Live exporters point to their ‘fresh perspective’ following vet dismissal affair

Live exporters point to their ‘fresh perspective’ following vet dismissal affair

Beef Cattle
A snapshot of dirty cattle on board live export ships taken from evidence presented by former government veterinarian Dr Lynn Simpson.

A snapshot of dirty cattle on board live export ships taken from evidence presented by former government veterinarian Dr Lynn Simpson.

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THE live trade industry has denied it ever sought the dismissal of a government veterinarian who presented evidence of poor conditions on board Australian live export ships.

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THE live trade industry has denied it ever sought the dismissal of a government veterinarian who presented evidence of poor conditions on board Australian live export ships.

Australian Livestock Exporters’ Council (ALEC) chief executive officer Alison Penfold said her organisation had been working with members to better understand and realign itself with social expectations since late 2013.

“For many years our industry has been outwardly focused on the needs of our overseas customers, rather than changing expectations of the Australian public,” she said.

“The ongoing process of aligning Australia’s livestock export industry with community values is a challenging one for ALEC members.

“The change process has allowed a fresh perspective to be placed on past attitudes and behaviours towards people and organisations external to the industry. This applies to those people and organisations who challenged the status quo, or like veterinarian Dr Lynn Simpson, who sought to provide constructive advice to exporters on improvements.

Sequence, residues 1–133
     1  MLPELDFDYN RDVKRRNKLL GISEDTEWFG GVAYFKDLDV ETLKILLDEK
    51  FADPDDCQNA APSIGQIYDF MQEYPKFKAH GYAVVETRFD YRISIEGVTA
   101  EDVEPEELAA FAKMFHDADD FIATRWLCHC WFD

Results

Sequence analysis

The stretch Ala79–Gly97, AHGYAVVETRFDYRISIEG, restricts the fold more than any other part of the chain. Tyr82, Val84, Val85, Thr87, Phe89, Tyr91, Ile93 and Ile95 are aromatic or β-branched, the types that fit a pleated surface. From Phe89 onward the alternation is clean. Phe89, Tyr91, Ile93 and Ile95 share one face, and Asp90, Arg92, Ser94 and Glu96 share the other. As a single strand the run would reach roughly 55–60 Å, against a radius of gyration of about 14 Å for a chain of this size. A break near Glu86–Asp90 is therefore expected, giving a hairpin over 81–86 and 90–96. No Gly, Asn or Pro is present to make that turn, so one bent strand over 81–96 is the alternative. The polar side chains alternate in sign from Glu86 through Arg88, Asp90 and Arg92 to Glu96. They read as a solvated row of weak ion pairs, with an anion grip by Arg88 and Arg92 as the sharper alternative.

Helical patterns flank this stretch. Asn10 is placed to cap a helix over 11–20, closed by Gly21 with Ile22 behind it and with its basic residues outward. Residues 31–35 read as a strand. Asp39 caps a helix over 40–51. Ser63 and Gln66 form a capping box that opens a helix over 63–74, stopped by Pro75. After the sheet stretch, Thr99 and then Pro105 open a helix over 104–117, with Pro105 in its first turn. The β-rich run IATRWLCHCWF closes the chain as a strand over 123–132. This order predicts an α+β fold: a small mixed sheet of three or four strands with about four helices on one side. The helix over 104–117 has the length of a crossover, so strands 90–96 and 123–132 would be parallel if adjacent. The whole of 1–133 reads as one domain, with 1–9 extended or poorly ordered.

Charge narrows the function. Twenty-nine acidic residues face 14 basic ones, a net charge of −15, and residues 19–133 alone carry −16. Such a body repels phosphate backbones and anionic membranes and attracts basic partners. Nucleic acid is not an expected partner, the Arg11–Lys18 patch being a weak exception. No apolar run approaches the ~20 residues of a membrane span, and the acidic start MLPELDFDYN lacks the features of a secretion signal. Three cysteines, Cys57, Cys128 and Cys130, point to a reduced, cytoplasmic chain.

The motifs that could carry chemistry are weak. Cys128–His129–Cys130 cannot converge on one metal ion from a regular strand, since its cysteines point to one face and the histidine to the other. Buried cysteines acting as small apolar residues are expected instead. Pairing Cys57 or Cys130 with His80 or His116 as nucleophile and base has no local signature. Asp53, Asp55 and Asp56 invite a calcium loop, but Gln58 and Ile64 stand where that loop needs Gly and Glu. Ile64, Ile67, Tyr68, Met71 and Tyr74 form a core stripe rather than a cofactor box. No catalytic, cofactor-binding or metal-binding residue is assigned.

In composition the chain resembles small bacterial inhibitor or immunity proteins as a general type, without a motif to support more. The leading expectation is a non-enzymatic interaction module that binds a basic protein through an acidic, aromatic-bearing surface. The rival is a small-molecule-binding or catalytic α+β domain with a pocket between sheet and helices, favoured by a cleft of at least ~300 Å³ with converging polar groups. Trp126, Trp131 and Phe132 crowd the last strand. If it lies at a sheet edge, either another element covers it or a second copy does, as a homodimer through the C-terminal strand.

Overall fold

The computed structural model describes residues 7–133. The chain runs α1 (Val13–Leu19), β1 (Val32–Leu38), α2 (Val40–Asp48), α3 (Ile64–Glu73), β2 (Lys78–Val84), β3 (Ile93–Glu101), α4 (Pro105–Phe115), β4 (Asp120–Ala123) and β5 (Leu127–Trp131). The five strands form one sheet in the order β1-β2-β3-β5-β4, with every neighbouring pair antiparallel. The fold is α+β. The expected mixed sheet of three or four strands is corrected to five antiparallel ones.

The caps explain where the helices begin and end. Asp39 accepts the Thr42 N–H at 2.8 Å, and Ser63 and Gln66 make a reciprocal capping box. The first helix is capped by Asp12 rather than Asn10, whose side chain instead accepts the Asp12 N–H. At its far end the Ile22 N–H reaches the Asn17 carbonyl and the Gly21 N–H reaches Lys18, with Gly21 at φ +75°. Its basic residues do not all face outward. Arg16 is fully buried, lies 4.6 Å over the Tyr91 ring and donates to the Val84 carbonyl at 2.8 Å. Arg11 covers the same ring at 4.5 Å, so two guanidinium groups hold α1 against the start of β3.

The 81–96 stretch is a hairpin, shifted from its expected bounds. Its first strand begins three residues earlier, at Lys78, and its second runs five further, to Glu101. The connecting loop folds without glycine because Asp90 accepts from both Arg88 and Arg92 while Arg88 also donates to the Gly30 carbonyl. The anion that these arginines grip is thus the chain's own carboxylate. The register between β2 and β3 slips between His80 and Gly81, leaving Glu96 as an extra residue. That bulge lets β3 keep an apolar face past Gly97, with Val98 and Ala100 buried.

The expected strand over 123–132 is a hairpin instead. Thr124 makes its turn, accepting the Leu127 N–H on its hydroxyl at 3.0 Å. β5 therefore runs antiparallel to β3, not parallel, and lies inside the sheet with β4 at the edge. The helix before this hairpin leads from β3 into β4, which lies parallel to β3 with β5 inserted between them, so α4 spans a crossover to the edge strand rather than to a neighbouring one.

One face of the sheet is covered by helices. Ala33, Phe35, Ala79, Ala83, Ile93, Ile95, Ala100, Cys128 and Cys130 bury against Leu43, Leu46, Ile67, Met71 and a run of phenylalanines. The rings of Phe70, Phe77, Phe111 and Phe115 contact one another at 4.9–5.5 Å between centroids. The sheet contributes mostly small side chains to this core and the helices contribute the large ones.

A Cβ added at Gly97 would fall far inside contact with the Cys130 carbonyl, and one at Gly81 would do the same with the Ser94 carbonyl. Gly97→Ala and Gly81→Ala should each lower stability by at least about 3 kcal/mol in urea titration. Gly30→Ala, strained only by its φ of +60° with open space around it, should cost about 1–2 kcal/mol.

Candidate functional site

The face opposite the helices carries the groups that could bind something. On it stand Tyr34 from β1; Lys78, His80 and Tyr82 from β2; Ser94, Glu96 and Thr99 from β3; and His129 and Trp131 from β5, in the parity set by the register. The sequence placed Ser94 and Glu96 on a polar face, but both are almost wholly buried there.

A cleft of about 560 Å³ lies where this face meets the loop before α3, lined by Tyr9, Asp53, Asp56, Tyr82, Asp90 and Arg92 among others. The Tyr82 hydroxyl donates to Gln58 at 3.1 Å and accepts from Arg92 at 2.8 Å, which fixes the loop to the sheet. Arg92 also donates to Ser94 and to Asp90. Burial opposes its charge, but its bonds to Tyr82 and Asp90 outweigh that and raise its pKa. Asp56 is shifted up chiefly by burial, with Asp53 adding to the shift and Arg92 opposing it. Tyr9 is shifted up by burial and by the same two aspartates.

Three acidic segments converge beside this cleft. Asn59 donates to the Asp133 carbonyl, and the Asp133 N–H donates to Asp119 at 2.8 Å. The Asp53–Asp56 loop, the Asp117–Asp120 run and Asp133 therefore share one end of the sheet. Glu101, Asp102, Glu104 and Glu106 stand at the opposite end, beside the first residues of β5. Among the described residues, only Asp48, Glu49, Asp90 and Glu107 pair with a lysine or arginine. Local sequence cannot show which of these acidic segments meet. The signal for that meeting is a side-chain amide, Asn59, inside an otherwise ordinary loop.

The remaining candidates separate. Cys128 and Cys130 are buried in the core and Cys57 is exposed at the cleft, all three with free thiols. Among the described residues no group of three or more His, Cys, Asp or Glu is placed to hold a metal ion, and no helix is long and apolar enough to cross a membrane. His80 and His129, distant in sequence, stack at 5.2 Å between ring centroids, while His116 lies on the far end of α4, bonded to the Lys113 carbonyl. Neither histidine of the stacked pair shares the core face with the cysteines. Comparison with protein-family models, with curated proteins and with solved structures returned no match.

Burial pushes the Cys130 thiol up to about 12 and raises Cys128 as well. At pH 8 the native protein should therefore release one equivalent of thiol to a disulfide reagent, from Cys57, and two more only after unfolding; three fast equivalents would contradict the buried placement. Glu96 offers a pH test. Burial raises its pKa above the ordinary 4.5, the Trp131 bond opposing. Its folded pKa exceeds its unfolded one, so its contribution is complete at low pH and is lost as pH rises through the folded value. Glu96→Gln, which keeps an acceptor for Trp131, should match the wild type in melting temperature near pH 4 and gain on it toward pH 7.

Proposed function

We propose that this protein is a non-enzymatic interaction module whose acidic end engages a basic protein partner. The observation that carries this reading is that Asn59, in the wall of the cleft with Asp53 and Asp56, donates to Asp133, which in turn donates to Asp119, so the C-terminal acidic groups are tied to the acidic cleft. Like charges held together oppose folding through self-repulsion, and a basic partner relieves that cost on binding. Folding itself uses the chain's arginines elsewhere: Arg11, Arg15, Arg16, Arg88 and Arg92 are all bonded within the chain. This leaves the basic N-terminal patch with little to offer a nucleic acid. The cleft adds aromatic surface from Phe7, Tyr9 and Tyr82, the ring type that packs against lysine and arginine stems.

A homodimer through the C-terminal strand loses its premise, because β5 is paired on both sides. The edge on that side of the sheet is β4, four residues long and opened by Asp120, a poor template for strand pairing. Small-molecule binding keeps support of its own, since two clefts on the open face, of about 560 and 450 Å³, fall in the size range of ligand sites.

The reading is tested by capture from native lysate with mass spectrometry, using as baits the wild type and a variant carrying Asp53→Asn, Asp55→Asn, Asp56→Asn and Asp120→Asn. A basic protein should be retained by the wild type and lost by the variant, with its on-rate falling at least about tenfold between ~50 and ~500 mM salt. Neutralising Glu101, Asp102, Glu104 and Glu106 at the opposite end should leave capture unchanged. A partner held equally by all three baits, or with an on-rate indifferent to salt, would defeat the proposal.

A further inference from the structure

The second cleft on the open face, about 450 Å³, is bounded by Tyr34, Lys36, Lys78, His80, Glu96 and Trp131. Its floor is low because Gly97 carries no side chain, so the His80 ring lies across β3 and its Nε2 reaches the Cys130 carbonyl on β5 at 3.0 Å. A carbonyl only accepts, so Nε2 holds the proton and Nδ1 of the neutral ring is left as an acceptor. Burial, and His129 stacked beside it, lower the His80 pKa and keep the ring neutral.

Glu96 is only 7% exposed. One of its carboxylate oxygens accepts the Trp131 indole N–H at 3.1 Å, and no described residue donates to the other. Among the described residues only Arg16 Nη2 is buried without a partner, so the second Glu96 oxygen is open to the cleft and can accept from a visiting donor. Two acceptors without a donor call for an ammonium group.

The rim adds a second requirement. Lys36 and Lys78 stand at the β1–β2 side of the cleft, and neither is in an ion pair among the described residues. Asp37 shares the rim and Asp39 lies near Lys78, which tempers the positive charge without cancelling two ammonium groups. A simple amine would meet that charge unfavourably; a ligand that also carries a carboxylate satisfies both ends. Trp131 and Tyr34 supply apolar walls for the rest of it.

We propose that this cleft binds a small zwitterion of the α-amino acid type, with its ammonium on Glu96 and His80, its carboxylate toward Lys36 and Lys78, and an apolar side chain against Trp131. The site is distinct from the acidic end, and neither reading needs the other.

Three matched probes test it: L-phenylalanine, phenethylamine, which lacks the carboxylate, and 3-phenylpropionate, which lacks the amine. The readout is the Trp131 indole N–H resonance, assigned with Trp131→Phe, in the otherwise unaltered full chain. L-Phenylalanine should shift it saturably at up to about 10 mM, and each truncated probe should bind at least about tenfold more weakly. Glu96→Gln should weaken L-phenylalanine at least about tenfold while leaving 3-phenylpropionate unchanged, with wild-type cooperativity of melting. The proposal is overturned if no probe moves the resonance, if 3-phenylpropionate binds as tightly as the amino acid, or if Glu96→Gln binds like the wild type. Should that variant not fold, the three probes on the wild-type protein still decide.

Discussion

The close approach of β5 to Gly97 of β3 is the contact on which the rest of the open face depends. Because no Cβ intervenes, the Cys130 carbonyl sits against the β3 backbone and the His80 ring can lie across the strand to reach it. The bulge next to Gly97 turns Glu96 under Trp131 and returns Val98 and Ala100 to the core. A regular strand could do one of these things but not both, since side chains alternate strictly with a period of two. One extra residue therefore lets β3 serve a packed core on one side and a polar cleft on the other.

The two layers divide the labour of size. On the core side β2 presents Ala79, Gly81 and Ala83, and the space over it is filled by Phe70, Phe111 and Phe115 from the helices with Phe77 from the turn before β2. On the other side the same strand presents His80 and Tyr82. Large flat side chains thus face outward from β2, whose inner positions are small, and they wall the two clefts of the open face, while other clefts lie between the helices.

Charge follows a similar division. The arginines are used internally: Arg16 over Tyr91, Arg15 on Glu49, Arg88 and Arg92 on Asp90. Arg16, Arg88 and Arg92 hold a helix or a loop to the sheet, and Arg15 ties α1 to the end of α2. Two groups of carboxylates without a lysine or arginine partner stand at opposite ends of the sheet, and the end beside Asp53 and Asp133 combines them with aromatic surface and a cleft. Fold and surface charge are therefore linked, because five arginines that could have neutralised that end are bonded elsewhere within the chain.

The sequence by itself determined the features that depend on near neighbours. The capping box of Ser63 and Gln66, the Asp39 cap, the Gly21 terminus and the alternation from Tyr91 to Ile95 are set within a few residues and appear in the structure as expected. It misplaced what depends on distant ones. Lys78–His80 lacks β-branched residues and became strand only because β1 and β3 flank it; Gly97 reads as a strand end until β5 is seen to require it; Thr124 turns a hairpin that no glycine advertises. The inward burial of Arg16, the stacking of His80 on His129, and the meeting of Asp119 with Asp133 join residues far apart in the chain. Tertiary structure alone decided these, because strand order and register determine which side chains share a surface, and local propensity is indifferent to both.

“I reiterate the apology made last week by ALEC chairman Simon Crean, in his on-camera interview with the ABC, for any past behaviours which may have offended Dr Simpson.

“In saying this, ALEC reiterates that at no time did we seek Dr Simpson’s dismissal. “The concern at the time was one of governance, specifically the conflict of interest arising from her submission to the ASEL Review at the same time as being a technical adviser to the same review.

“ALEC cannot change the past, but we do intend to influence how current and future Australian Government Accredited Veterinarians (AAVs) can have their views heard and help inform welfare improvements at an industry level.”

With this in mind, ALEC will be inviting Dr Simpson, the Australian Veterinary Association (AVA) and Vets Against Live Export (not affiliated with AVA) to participate in a workshop to discuss:

-  The development of a Code of Conduct that outlines the expectations of exporters and AAVs

-    The development of a grievance mechanism for AAVs that respects their professional integrity and provides a platform for resolution of matters that relate to specifically to animal welfare

-     An annual workshop between industry and AAVs to review and discuss animal welfare matters and engage on the industry’s research, develoopment and extension program.

“The Australian livestock export Industry is focused on utilising its levies on research, development and extension to address the key causes of morbidity and mortality towards our goal of zero harm, including those concerns raised by Dr Simpson,” Ms Penfold said.

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